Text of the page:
Bacteriophages are viruses that can kill bacteria. The question is whether bacteriophages can be used to treat infections in humans. This may be particularly useful when it comes to infections with antibiotic resistant bacteria. A report from RIVM shows that current scientific evidence is insufficient to determine whether bacteriophages are actually effective in the treatment of human infections. There is also a knowledge gap regarding phage therapy safety. RIVM recently visited the Eliava Institute in Georgia, which has a great deal of experience with bacteriophages.
Bacteriophages (or phages) were discovered early in the 20th century, in the same period as antibiotics. Phages have a different mode of action compared to antibiotics. A phage is very specific for one type of bacterium, while antibiotics are effective against multiple species of bacteria. This prohibits the use of phages in the treatment of acute infections: the causative bacterium has to be identified and cultured before a matching phage or phages can be found. This process can take a few days. Because of these practical concerns, antibiotics were more successful and phages fell out of favour.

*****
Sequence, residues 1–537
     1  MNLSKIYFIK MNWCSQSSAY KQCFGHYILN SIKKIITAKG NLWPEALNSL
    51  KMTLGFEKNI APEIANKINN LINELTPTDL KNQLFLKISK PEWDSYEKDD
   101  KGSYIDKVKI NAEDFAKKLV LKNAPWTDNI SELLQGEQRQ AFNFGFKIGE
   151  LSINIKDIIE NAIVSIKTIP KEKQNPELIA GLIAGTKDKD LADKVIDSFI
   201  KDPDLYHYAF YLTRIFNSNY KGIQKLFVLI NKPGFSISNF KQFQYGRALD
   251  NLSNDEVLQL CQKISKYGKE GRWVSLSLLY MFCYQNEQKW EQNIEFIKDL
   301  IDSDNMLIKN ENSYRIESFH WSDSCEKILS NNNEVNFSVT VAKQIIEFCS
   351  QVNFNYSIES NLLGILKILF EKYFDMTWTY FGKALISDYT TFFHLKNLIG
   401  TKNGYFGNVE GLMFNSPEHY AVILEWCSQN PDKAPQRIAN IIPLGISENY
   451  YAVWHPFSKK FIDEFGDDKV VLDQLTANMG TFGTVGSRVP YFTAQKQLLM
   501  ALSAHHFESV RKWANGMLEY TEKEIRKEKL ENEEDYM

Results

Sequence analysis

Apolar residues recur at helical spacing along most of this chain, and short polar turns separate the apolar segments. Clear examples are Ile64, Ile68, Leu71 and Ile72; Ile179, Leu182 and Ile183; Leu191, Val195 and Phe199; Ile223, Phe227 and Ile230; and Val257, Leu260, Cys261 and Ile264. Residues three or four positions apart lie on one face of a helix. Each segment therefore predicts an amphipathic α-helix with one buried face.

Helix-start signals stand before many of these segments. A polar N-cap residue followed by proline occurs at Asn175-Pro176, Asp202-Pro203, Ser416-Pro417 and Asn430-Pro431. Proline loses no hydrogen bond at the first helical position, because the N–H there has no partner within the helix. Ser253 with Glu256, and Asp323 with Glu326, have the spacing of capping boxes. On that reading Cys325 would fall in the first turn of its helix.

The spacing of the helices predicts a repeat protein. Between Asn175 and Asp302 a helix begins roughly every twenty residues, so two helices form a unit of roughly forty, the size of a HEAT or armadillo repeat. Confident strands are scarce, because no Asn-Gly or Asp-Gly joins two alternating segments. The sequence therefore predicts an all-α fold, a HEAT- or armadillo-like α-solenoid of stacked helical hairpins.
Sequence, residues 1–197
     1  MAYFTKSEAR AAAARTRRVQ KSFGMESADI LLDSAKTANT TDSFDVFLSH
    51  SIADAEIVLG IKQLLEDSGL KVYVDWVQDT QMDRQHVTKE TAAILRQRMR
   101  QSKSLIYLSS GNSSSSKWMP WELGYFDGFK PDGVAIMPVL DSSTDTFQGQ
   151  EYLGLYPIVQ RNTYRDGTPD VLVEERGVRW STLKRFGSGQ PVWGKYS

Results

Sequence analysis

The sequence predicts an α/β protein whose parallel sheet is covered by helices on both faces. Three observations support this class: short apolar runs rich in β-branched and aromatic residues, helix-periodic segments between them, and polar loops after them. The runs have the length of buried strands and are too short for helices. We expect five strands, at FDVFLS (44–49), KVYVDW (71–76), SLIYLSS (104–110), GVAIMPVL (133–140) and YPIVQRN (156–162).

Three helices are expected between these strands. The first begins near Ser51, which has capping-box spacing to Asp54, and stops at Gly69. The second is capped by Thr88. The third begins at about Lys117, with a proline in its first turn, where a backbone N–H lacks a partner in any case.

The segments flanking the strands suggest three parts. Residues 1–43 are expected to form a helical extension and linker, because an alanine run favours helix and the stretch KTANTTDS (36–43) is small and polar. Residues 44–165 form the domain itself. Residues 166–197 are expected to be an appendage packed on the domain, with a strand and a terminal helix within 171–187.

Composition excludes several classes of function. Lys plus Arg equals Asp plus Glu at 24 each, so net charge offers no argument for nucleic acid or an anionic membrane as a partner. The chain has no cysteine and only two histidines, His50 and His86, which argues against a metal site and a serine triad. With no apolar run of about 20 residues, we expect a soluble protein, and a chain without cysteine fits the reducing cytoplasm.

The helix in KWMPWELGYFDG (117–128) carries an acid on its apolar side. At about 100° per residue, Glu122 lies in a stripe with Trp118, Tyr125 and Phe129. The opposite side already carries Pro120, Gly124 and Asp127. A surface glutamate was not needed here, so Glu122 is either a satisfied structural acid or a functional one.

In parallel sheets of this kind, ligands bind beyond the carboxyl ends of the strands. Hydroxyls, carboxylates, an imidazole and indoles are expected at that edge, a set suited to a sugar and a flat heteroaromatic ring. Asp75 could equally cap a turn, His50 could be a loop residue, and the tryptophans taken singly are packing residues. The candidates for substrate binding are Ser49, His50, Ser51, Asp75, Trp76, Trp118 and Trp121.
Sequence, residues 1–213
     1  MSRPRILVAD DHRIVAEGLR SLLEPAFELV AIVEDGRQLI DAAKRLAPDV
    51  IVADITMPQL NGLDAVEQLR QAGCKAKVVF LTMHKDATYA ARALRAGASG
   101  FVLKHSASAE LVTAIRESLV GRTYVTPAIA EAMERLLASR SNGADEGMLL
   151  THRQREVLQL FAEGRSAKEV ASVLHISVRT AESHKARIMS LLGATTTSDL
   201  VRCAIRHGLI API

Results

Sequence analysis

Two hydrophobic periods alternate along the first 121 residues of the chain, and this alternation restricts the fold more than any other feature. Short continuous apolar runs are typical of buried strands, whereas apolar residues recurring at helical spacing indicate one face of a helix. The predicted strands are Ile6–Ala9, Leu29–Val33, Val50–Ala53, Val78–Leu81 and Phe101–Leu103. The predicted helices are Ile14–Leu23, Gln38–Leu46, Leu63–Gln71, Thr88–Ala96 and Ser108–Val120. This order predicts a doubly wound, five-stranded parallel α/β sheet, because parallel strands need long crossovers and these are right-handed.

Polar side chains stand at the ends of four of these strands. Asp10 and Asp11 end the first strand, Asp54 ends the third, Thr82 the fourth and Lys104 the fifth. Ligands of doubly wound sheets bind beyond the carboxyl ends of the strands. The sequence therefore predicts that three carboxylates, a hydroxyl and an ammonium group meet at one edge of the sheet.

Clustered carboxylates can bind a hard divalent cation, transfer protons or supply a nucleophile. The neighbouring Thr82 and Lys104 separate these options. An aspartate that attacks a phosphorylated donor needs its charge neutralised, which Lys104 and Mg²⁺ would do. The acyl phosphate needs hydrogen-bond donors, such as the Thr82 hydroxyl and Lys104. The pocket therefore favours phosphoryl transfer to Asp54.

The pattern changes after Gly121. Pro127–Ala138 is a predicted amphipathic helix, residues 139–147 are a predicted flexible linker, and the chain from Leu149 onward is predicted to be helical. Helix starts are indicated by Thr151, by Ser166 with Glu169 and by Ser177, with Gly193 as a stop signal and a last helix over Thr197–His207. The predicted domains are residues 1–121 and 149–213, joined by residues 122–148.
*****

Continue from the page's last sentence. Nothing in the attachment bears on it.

The understanding of the precise mode of action of bacteriophages when treating infections, how they act in the human body, optimal dosage and length of treatment and the risks of use is still limited. Phages are not suitable for treatment of acute infections because of the time-consuming and complex preparation process. In theory, phages should be useful in treating chronic infections, such as superficial skin infections. More controlled clinical research is needed to answer these questions.
Aside from practical concerns, the current European legislative framework for pharmaceutical products is not suited to be used for biologicals, such as phages. Efforts are being made at the European level for a possible revision of legislation on biologicals. Legislation on the use of biologicals is less strict for different fields such as agriculture and food production than it is for human use. Phages are already being used in these fields.
A RIVM delegation has visited the Eliava Institute of Bacteriophages, Microbiology and Virology in Tbilisi, Georgia, at the end of April. Since 1923, this institute has specialised in the development and production of bacteriophages. During the visit, it became clear that a start was made to bring the production facility more in line with the Western quality assurance system of GMP (Good Manufacturing Practices). The main indications for bacteriophage therapy for Georgian patients at the outpatient clinic of the Eliava institute are dysbacteriosis (disruption of the balance of various types of intestinal bacteria) and irritable bowel syndrome, (chronic) diarrhea, skin ulcers and laryngitis. Employees of the Eliava institute also confirm the need for further research. To this end, they seek to collaborate with partners in Europe and the US.